Looking at the genetic makeup of cattle to determine their value is nothing new. An examination of a small sample of hair or blood can reveal if a calf has any genetic diseases that will lower the market price.
Now, a team of clinicians and diagnosticians and genetic researchers at Iowa State University's College of Veterinary Medicine are looking to test those calves earlier — before they are born — even before the dam is pregnant. Jim West and Paul Plummer are researching a method to determine if a bovine is genetically sound when it is still an embryo prior to being implanted in its dam.
This process, if successful, would allow producers to select which embryos are valuable before spending the time, effort and expense of producing a calf only to find out that it has genetic defects that render it of little value. Until now, the problem has been biopsy samples of embryos are so small, only a few cells, that it was impossible to accurately read the genetic information.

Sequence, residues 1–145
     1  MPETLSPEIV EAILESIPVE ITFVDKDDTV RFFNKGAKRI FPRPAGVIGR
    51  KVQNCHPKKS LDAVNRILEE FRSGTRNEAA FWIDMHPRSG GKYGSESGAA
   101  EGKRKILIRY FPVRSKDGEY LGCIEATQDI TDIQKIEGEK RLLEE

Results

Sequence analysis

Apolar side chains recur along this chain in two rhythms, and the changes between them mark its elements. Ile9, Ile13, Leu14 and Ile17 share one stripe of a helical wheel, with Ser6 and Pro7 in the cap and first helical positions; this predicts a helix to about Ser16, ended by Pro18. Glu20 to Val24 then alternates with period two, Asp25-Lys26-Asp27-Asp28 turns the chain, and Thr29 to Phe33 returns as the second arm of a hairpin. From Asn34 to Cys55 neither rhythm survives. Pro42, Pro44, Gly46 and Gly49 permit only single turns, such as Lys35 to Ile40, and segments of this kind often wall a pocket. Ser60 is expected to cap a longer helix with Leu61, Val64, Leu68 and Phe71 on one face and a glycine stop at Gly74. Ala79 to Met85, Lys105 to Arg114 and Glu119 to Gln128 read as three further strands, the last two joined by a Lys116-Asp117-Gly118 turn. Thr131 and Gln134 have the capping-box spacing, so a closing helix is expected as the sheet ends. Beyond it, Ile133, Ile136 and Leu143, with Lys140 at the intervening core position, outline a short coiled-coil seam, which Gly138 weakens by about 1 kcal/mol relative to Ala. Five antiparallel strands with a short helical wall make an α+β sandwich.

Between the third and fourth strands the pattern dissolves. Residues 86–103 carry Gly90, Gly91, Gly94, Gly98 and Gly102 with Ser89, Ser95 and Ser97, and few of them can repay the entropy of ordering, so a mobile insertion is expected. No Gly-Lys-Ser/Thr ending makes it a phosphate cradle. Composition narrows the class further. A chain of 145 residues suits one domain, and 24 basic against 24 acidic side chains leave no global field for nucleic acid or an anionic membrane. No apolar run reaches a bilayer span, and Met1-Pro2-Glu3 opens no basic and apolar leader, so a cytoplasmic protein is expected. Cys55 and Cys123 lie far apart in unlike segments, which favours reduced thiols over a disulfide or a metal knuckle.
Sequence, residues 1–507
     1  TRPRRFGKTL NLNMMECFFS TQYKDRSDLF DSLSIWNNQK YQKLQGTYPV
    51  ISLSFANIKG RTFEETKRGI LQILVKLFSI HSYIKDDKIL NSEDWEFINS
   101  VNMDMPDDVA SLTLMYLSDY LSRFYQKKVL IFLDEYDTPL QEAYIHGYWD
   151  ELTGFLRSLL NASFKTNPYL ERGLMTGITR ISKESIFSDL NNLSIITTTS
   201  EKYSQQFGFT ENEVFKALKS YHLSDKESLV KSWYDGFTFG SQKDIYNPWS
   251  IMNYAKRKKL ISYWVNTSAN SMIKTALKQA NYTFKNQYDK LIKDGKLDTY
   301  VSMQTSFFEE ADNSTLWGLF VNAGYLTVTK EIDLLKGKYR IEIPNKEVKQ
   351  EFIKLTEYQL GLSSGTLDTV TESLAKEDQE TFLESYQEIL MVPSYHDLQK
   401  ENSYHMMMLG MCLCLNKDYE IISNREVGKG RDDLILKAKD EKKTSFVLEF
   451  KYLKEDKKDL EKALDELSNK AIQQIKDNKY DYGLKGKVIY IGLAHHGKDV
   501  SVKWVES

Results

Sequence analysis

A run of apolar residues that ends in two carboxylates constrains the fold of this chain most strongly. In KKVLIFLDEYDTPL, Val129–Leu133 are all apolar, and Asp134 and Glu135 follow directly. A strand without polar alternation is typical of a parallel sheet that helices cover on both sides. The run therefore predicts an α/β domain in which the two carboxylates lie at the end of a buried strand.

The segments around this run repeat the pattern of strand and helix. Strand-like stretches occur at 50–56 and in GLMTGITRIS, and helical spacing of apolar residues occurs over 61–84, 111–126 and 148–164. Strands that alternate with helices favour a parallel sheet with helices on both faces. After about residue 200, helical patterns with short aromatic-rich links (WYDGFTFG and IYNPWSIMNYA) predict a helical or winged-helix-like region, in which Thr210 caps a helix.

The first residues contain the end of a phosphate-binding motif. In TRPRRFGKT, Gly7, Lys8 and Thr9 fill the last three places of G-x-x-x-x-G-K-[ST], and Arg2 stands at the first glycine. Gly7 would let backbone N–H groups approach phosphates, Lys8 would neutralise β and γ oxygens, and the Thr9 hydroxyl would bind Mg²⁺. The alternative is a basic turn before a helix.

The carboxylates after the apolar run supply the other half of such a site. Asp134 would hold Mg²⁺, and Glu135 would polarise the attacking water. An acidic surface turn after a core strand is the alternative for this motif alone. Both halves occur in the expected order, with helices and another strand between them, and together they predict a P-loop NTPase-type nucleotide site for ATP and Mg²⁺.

"There were limitations to the process," explains West, director of Food Supply Veterinary Medicine. "You can't take very many cells when you do the biopsy. You have to leave enough cells to get a pregnancy."
New technology may allow the scientists to get accurate genetic information from samples as small as two to three cells and still keep the embryo viable, even if it is frozen for long-term storage.
"Our research is looking at the ability to biopsy the embryo, freeze it and then do a variety of tests on the sample after only seven days from when it was conceived," says West.
Click here for more.